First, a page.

Non-disclosure agreements (NDAs) seem to be the latest celebrity ‘must haves’. ‘Strictly Come Dancing’ judge Craig Revel Horwood recently revealed on daytime TV that he had asked people who work for him, his builder, and even his boyfriend, to sign one.
Until the #MeToo scandals hit the news, those outside of HR and the legal profession might have had only a hazy idea of the purpose of these contracts. But after the sensational naming in Parliament recently of a “leading businessman” in connection with allegations of sexual harassment and bullying in a work setting, there can’t be many of us in the dark over their potential to backfire.
The latest high profile revelation, made under Parliamentary privilege, followed a temporary injunction from the Court of Appeal preventing the Daily Telegraph from publishing allegations of misconduct against the executive, made by five employees. The court decided it was unlikely the newspaper could show that breaching the NDAs and naming the individual in the story was in the public interest, as the employees had all received legal advice before signing them as part of settlement agreements, and there was no indication they had been forced to.
This kind of furore is a far cry from these contracts’ routine purpose in a commercial context, which simply was to protect trade secrets. When used as part of a settlement agreement in terminating employment, NDAs (also known as confidentiality agreements) often contain a ‘non-disparagement’ clause (known as a ‘gagging clause’) which prevents those involved in an employment dispute from making derogatory statements about each other after the dispute’s been settled. But they can also be abused if employers try to link them to the financial settlement accompanying them, in order to persuade employees that the clauses prevent them from reporting misconduct to the relevant authorities.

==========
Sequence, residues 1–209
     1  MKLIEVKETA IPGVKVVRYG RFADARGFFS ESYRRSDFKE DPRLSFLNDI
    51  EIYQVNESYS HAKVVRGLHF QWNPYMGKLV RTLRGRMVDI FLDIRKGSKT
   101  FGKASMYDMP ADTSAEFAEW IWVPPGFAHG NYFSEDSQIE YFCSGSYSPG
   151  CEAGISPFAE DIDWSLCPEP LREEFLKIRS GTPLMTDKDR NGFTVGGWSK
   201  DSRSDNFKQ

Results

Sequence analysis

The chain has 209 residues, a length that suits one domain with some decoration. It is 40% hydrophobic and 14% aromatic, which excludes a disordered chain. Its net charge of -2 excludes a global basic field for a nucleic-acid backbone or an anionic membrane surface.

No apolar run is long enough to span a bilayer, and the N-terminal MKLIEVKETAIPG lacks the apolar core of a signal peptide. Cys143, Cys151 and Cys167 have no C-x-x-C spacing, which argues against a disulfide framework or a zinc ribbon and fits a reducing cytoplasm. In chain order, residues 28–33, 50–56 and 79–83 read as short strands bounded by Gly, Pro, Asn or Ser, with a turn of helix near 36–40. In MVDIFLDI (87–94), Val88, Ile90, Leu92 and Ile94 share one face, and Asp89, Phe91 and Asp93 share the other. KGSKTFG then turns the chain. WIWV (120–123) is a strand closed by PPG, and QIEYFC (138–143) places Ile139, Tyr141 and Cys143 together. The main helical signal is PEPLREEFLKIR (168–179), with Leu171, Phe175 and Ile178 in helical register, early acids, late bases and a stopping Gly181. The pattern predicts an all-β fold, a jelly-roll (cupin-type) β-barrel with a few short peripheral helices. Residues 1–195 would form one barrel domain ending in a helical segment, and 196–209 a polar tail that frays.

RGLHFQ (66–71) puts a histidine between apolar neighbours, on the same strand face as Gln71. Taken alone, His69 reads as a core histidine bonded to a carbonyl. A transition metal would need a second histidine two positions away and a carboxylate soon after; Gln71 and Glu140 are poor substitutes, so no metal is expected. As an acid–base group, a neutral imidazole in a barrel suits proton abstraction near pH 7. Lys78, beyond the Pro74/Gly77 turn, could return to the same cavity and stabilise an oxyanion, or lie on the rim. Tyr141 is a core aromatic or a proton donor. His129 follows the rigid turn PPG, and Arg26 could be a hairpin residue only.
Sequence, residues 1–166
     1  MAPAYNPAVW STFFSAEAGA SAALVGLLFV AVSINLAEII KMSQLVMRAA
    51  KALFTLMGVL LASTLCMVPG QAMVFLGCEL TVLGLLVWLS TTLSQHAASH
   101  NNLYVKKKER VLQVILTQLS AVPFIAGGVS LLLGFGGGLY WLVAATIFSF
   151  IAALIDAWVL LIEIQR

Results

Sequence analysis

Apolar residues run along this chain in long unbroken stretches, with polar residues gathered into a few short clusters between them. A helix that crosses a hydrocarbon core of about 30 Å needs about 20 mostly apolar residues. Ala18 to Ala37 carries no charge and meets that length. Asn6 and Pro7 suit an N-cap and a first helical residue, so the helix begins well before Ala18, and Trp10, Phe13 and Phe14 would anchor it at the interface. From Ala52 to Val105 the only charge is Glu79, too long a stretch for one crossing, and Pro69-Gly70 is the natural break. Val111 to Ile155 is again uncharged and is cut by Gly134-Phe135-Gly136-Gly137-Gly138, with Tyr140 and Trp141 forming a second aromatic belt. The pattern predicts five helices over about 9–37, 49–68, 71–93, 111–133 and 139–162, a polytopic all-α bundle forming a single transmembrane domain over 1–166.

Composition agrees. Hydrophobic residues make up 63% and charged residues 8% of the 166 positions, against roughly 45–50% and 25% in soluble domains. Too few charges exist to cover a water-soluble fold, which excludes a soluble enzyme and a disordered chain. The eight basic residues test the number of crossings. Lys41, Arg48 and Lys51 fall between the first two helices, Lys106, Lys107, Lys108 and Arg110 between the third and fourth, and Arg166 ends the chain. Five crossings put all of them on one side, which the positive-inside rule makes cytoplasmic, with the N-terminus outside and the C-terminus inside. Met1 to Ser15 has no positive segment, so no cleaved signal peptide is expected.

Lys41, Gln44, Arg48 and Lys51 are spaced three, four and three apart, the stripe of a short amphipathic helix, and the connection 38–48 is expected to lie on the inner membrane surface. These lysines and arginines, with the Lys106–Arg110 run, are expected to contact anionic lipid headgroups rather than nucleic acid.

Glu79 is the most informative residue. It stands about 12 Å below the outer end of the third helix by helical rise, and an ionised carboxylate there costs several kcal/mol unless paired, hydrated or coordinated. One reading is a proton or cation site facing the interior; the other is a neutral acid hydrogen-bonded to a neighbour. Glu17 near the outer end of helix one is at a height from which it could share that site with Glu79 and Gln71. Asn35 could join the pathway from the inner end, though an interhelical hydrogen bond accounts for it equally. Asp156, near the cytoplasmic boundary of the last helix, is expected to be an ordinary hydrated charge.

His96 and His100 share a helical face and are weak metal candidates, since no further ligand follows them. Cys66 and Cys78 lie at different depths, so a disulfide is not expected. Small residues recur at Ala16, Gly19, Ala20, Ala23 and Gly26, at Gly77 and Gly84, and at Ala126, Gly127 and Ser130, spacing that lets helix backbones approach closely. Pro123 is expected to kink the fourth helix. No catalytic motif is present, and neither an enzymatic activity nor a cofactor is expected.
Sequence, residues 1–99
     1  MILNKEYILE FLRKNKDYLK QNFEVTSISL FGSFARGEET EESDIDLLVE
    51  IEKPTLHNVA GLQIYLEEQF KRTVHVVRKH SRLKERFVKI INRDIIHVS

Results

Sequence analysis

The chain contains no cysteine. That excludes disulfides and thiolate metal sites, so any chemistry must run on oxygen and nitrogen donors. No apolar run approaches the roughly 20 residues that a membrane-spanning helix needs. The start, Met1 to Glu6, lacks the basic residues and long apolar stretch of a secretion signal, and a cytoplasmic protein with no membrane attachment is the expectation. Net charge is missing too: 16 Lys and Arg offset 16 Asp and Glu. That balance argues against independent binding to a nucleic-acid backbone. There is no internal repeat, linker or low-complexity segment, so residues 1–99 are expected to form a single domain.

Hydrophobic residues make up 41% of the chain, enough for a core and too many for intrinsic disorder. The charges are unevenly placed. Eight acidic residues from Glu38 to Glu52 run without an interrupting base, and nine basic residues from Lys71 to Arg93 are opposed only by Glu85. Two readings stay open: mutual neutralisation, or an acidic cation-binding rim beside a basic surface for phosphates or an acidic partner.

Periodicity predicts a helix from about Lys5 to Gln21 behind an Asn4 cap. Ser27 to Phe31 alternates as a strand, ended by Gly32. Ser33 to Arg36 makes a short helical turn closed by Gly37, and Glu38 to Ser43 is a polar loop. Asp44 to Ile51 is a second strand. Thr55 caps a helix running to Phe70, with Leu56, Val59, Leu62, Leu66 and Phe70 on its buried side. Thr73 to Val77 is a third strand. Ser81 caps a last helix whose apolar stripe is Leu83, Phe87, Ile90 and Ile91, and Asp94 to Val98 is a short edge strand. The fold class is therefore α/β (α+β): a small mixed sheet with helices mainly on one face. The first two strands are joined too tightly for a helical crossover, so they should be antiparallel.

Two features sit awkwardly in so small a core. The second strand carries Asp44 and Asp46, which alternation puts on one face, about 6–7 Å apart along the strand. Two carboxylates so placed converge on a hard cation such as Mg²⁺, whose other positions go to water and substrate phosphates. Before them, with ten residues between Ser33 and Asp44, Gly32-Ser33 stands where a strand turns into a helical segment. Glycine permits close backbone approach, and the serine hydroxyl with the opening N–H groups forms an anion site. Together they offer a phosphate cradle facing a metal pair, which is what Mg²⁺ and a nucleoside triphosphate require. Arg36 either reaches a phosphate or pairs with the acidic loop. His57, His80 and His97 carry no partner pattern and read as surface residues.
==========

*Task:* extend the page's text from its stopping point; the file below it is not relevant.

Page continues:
Earlier this year the Solicitors Regulation Authority issued a warning to law firms that NDAs must not be used to cover up workplace sexual misconduct or prevent whistleblowing, not least in their own industry, where two-thirds of female lawyers have reported being sexually harassed, yet the number of official complaints of sexual misconduct remains low.
The Parliamentary Women and Equalities Committee (WEC) produced a report in the summer on Sexual harassment in the workplace (pdf) which recommended, among other things, ‘cleaning up’ NDAs by requiring them to be written in plain English so they could be easily understood, and accompanied by a clear explanation of what disclosures cannot be prohibited or restricted by them. The committee also proposed widening the whistleblowing laws to include sexual harassment disclosures, and making it an offence both for employers and their lawyers to try to use an NDA to prevent such a disclosure.
This month the WEC is holding an enquiry into the use of NDAs when any form of harassment or discrimination is alleged, including pregnancy, maternity or race discrimination. It is asking whether NDAs should be banned altogether in harassment cases, or what safeguards should be introduced to prevent their misuse, whether employers should be required to disclose their use of NDAs, and what obligations there are on employers to ensure their grievance procedures are fair and thorough. It remains to be seen what evidence the enquiry reveals and what recommendations to government emerge.
Theresa May has already accepted publicly that some employers are using NDAs “unethically” and one newspaper recently reported that ‘government sources’ are expecting to unveil new rules before Christmas. Whether this happens in the current political climate is far from certain, but one thing is clear: NDAs are set to stay under the government spotlight, and in the public consciousness, for the foreseeable future.
by Jill Evans, HR Content
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